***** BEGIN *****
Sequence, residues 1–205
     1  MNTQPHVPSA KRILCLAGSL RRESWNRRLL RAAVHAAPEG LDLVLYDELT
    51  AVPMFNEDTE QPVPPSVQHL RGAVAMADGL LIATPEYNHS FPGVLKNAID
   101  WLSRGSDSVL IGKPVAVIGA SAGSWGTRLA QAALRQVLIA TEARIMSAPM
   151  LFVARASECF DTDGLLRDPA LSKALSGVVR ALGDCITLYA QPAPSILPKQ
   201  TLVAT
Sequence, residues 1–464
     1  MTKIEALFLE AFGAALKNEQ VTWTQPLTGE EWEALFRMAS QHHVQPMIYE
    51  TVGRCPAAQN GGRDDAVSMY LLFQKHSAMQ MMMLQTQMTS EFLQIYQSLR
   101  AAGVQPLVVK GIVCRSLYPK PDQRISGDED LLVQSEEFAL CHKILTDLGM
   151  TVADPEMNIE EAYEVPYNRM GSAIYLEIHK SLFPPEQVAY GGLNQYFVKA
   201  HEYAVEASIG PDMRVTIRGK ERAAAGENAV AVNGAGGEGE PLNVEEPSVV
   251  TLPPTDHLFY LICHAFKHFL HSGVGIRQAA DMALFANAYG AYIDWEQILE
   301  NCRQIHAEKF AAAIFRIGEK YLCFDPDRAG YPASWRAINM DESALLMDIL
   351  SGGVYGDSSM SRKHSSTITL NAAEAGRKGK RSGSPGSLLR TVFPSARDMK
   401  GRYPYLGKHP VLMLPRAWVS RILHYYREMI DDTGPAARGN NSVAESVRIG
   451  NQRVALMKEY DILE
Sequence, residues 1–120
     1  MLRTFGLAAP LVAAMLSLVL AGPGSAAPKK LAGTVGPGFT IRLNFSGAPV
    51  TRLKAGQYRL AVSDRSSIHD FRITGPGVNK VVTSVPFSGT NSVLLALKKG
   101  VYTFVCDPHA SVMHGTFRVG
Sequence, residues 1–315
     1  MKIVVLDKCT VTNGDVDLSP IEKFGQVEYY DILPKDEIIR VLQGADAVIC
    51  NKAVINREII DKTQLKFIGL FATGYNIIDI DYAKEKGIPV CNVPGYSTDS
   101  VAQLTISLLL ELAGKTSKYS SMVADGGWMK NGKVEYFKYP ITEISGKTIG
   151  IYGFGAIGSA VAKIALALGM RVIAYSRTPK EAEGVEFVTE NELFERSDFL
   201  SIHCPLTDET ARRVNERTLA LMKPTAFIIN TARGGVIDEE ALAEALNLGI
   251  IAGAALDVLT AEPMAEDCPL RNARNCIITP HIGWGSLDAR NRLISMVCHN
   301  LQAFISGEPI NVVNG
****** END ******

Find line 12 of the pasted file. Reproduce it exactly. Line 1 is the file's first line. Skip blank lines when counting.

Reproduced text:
   201  HEYAVEASIG PDMRVTIRGK ERAAAGENAV AVNGAGGEGE PLNVEEPSVV